Fonterra's first Global Dairy Trade auction of the year has resulted in the overall index rising 2.8%, the third consecutive rise of the fortnightly auction.
The overall price index gained 2.8% on the previous auction two weeks ago, the average price rising from $US2844 ($NZ4293) to $US2986 a tonne.
The mainstay whole milk powder product rose 1.2% to $US2705 a tonne.
Federated Farmers Otago dairy chairman Mathew Korteweg was pleased with the index's third consecutive gain.
"There's always some sense of relief anytime there's a plus sign in front of the GDT auction," he said, given the "turbulence" of the past three years.
While many Otago farmers initially made the most of good early spring growing conditions, November's rains and floods in some areas meant some of that fodder would be being fed out now.
Many farmers, especially those around the Taieri hard hit by flooding, would see their production down and be late in getting winter crops sown, he said.
"A bigger percentage of crops went in later than usual ... but growth [from now] should be OK," he said.
In early December Fonterra again lowered its forecast farm-gate payout for the 2019 season, from $6.25-$6.50 per kilogram of milk solids to $6-$6.30, largely in line with predictions of economists from the ASB, ANZ and BNZ at the time.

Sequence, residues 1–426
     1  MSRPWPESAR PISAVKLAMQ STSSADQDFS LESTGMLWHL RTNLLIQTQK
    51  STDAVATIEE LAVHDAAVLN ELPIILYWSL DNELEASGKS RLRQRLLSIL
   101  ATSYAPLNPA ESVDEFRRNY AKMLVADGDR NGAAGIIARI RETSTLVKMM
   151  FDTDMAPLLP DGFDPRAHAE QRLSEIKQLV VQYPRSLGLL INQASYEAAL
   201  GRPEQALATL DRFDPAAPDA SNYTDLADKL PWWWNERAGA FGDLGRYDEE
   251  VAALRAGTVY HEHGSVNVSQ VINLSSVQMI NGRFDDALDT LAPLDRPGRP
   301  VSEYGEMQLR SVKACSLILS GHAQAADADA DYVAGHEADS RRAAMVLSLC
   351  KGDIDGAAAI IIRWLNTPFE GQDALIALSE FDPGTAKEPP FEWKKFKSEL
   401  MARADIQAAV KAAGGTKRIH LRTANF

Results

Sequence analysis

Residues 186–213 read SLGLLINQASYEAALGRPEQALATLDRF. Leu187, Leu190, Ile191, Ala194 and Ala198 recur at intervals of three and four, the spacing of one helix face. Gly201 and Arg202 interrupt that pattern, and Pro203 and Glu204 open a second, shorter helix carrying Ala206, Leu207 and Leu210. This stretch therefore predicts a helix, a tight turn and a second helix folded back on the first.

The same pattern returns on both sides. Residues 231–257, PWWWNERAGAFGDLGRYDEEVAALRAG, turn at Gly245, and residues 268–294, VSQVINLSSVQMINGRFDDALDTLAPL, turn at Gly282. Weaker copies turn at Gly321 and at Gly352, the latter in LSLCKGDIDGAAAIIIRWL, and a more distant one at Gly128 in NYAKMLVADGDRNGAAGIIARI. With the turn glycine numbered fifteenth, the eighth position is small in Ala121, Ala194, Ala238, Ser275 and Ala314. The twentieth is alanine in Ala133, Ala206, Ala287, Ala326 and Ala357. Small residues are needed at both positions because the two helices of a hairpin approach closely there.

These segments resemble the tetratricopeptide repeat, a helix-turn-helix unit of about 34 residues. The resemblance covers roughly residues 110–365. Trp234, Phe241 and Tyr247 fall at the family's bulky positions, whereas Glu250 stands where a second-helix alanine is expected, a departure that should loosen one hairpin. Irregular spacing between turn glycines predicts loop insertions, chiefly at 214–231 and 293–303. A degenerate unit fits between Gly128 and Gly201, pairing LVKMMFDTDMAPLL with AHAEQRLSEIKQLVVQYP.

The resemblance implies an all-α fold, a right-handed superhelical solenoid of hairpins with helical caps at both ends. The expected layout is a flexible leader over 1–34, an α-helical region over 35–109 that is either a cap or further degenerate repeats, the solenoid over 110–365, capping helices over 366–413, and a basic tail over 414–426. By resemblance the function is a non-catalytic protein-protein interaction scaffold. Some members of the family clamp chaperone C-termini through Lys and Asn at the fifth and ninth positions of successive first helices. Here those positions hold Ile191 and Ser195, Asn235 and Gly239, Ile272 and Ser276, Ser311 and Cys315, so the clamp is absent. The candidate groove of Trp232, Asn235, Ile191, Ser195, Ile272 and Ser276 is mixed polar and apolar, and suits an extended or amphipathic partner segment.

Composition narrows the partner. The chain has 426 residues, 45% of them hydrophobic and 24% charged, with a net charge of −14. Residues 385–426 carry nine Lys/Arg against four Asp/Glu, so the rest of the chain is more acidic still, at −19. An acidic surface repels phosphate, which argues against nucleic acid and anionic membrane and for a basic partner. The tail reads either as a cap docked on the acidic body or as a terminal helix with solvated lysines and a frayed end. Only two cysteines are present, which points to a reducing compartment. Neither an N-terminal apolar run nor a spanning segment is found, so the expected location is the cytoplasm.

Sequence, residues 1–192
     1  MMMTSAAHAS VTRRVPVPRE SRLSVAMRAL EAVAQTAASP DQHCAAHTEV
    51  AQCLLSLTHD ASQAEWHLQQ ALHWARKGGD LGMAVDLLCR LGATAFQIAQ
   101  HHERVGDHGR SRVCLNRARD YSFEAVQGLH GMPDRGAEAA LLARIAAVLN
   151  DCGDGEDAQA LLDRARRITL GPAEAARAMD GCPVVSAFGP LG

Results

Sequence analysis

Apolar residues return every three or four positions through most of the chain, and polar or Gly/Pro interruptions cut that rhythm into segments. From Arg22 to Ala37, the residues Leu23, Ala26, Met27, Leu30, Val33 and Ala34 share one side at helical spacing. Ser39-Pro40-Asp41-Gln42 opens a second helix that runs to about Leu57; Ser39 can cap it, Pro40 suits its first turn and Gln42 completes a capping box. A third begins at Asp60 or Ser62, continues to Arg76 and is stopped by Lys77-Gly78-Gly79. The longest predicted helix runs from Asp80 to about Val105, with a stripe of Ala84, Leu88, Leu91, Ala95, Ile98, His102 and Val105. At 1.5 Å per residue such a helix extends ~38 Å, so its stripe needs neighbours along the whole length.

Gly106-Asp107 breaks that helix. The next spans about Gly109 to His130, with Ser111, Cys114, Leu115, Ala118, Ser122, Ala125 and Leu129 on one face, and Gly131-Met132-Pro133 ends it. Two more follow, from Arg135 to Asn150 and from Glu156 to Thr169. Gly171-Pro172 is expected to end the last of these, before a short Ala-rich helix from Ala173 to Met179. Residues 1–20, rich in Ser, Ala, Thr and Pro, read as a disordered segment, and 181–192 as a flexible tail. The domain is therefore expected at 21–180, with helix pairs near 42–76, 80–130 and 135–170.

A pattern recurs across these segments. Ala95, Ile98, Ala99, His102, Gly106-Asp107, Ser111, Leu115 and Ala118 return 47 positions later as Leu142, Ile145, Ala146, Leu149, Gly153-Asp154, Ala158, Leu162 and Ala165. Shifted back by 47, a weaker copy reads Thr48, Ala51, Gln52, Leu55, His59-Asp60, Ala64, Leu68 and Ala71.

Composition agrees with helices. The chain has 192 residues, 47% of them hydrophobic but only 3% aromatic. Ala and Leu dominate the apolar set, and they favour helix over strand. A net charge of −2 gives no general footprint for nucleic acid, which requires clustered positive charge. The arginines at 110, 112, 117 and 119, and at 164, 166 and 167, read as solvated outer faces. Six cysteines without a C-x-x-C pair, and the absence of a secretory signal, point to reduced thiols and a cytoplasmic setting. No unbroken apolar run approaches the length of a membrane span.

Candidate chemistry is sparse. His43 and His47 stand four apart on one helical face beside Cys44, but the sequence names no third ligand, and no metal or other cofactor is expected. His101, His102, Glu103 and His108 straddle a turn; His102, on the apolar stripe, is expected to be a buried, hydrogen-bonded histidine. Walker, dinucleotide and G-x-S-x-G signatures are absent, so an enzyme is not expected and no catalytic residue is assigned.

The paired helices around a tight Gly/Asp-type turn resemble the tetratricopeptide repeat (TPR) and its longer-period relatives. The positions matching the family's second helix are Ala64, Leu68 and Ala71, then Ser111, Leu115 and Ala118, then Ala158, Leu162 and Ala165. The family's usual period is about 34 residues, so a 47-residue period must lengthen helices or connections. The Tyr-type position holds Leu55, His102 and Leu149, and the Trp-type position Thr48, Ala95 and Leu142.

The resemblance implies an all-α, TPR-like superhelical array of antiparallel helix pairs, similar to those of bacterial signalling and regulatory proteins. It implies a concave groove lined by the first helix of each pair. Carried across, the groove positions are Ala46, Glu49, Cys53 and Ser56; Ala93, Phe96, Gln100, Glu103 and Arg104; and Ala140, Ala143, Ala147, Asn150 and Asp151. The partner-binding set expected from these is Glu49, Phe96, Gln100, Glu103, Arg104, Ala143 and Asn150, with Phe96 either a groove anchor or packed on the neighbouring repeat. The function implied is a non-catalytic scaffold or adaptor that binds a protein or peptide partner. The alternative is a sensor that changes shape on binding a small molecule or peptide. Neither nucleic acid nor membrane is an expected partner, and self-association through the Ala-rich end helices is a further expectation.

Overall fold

Mr Korteweg, who farms near Kaitangata in South Otago, said he was not surprised by the price downgrade as several small downgrades during the season were of more benefit and "transparent" for dairy farmers, than coping with "one large drop" at season's end.
"Fonterra's making an effort to be more sensible with predictions," he said.
At the time Fonterra chairman John Monaghan said the downward revision was because of the global milk supply remaining stronger than demand, which had driven the dairy trade auctions downward since May.
While maintaining forecast collection in New Zealand at 1.55 billion kilograms of milk solids, he noted it was likely the country would see an abnormal El Nino weather pattern during summer which could impact on farmers' milk production.
Mr Korteweg said it was still too early to predict if drought would hit, but he expected the weather to continue to get drier in the short term.
NZX dairy analyst Robert Gibson said in a note that prices had increased across the board at the latest Global Dairy Trade auction, partially because of a decline in offer volumes for all commodities, BusinessDesk reported.
"Leading into this event whole milk powder offer volumes were down 22% on the previous event, while skim milk powder offer volumes were down 28% on the previous event," Mr Gibson said.
Buttermilk powder jumped 9.3% to $US3252 a tonne, while skim milk powder rallied 7.9% to $US2201 a tonne.
Butter increased 3.9% to $US4076 a tonne, while anhydrous milk fat gained 3.9% to $US5137 a tonne.
Cheddar rose 3.2% to $US3371 a tonne, while lactose advanced 1.6% to $US948 a tonne, and rennet casein added 1.3% to $US5123 a tonne. For sweet whey powder, no product was offered or sold. - Additional reporting: BusinessDesk